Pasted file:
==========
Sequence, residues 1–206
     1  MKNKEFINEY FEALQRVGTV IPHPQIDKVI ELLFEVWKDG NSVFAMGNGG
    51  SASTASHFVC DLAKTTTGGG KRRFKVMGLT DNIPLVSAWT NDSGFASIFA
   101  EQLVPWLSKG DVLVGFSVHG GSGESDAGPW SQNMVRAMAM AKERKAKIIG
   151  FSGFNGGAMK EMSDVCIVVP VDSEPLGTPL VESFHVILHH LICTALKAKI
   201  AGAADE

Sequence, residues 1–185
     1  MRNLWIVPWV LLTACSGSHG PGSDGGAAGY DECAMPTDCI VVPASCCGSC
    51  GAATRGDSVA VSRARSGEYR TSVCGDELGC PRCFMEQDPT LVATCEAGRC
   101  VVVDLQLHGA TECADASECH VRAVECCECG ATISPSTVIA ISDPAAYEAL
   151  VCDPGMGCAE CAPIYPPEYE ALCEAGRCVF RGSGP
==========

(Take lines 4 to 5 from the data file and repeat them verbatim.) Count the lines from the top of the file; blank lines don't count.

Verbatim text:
   101  EQLVPWLSKG DVLVGFSVHG GSGESDAGPW SQNMVRAMAM AKERKAKIIG
   151  FSGFNGGAMK EMSDVCIVVP VDSEPLGTPL VESFHVILHH LICTALKAKI